So the Israelites sacrificed the Passover lamb at twilight of the fourteenth, cooked it, and then ate it on the fifteenth day of the first month (the first day of the Feast of Unleavened Bread), which is the same night they made the exodus out of Egypt (Exod 12:31–39). This night was to be commemorated throughout Israel’s generations, and the story of the exodus was to be told on that night down from generation to generation (Exod 12:26). It was called “a night of solemn of observance” or “a night to be observed” (Exod 12:42).
When was the lamb sacrificed? In between the evenings or at twilight (erev) or as the sun was going down and the day is becoming dark (erev), the Torah tells us and as already noted. It takes about an hour to slaughter a lamb and prepare it for cooking. Once the large fire suitable for roasting an entire lamb on a spit is built and allowed to die down to hot coals (about three hours), it takes another two hours to cook the lamb rotisserie-style as the Torah commands (Exod 12:9). The process of building the fire, letting it die down to hot coals would be occurring in the afternoon of the fourteenth, while the lamb would be slaughtered at twilight and put on the rotisserie afterwards. Therefore, the Israelites would have been eating the roasted lamb later in evening of the fifteenth day once it was cooked.
There is some confusion about when Yeshua kept the Passover or the Lord’s Supper. The gospel accounts refer to it as Passover, and Yeshua himself calls it such. Therefore, in the minds of Yeshua and the apostolic writers, it was Passover. However, the Torah specifies that Passover is to be kept at the end of the fourteenth day of the first month of the biblical calendar going into the fifteenth. This would have been impossible for Yeshua to do, since he was hanging on the cross at the end of the fourteenth day as the fulfillment of the Passover lamb, and he then went into the grave as the sun was setting going into the fifteenth day. Therefore, Yeshua kept an early Passover—still on the fourteenth day, but at the beginning of the day, not at the end of the day. At that time, he instituted the Lord’s supper communion ritual and the foot washing ceremony.
In Exodus 12:6 we read,
Now you shall keep it until the fourteenth day of the same month. Then the whole assembly of the congregation of Israel shall kill it at twilight [see “between the evenings,” KJV marginal notes; “betwixt the evenings,” J.P. Green; “between the two evenings,” Bullinger’s The Companion Bible; and The NIV Study Bible].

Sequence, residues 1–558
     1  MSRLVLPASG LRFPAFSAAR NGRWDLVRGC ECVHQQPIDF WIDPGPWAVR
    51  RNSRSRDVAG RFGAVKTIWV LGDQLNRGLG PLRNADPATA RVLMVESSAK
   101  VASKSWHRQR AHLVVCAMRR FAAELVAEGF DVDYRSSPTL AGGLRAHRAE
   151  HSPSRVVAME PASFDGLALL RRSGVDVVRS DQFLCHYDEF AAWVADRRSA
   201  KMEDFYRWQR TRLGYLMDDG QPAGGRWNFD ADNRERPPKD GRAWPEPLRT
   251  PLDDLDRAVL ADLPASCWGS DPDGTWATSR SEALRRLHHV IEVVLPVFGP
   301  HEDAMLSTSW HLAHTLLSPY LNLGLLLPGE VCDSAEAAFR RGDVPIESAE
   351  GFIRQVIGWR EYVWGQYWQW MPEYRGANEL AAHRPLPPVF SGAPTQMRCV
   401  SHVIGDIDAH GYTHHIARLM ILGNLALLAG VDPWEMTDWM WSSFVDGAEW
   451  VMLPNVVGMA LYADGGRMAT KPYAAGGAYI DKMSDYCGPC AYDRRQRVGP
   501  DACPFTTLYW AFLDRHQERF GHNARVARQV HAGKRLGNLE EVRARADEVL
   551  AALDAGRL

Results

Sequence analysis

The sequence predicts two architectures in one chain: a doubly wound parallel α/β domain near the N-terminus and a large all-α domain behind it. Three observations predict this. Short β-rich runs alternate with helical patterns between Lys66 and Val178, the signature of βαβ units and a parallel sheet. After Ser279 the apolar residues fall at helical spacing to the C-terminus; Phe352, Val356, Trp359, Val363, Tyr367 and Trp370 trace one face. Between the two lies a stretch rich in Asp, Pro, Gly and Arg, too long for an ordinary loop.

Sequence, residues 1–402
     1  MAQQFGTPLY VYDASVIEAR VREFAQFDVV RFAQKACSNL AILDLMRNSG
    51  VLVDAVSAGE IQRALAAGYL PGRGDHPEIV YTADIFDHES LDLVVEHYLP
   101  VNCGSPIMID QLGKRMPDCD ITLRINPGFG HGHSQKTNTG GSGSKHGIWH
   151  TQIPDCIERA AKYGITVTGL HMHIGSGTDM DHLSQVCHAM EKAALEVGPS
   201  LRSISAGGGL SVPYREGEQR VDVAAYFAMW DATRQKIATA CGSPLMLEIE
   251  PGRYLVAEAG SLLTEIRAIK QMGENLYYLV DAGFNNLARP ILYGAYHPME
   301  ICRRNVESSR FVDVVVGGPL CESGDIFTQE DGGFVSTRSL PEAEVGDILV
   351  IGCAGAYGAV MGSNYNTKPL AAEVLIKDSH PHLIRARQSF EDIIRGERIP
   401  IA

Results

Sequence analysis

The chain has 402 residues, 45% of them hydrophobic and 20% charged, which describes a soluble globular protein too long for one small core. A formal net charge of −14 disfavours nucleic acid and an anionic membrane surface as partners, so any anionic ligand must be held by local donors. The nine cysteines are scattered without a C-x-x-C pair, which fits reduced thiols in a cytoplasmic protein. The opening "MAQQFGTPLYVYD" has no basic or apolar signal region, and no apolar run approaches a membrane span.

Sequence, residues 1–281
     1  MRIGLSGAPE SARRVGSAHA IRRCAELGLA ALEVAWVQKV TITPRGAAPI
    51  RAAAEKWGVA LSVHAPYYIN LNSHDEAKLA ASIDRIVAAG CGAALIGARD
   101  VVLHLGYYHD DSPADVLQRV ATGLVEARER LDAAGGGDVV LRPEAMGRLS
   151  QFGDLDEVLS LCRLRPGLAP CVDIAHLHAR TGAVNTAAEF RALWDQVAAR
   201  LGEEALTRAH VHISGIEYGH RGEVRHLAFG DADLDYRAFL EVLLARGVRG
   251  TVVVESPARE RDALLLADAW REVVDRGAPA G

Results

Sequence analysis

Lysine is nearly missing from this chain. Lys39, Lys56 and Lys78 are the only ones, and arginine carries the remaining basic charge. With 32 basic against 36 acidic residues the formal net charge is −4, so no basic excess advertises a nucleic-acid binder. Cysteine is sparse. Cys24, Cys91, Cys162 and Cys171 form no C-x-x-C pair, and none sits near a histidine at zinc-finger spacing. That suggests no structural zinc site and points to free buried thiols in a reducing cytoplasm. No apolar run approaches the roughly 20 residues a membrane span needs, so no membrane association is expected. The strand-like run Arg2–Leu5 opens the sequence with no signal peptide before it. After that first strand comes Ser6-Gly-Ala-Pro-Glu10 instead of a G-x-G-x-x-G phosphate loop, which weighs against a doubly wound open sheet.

The phrase “in/between the evenings” (Heb. beyn h’arbim) can have several meanings. Understanding this will help to explain why the Gospel writers call the meal that Yeshua had with his disciples “the Passover.”
So what is the meaning of twilight (Heb. erev) with the addition of the English word between or the Hebrew word beyn?, The Jews of Yeshua’s time interpret the word erev in relationship to when to observe Passover ass being the time from high noon when the sun is at its zenith when it starts to descend toward the horizon until approximately 6 PM when it disappears behind the horizon (The Life Time of Jesus, by Alfred Edersheim, p. 813; Hendrickson, 2002). From 12 noon onward, however, is not the literal meaning of the Hebrew word phrase “between the evenings” however, since two evenings are implied. Between the evenings (or beyn h’arbim [arbim is the plural of erev]) means “between the evening of the thirteenth day of the first month going into the fourteenth day of the first month and the fourteenth day going into the fifteenth day.” That is to say, the entire daylight portion of the fourteenth day or Passover day could be the period between the two evenings. With this understanding, it is not difficult to see how Yeshua and his disciples keeping the Passover or Lord’s Supper at the beginning of the fourteenth day is still called “the Passover” in the Gospels, even though the majority of the Jews traditionally ate the Passover meal at the end of the fourteenth going into the fifteenth.
Some believers prefer to celebrate Passover when Yeshua did it—at the beginning of the fourteenth day of the first month instead of at the end of the day. This is acceptable, since Yeshua did it. It is also acceptable to do it at the end of the fourteenth going into the fifteenth when the Israelites did it and as the Torah commands.
The purpose of the Passover was to tell the younger generation the Passover story (Exod 12:26–27). This is why we celebrate it when the Torah commands. We also believe that if Yeshua hadn’t been hanging on the cross at the end of Passover day, he would have been celebrating the Passover at the time the Torah instructed the Israelites to do so.
For more details on this subject, we invite you to print and read Natan’s article, “When Do We Celebrate the Passover—at the Beginning or the End of Aviv 14?” at http://www.hoshanarabbah.org/teaching.html#feast.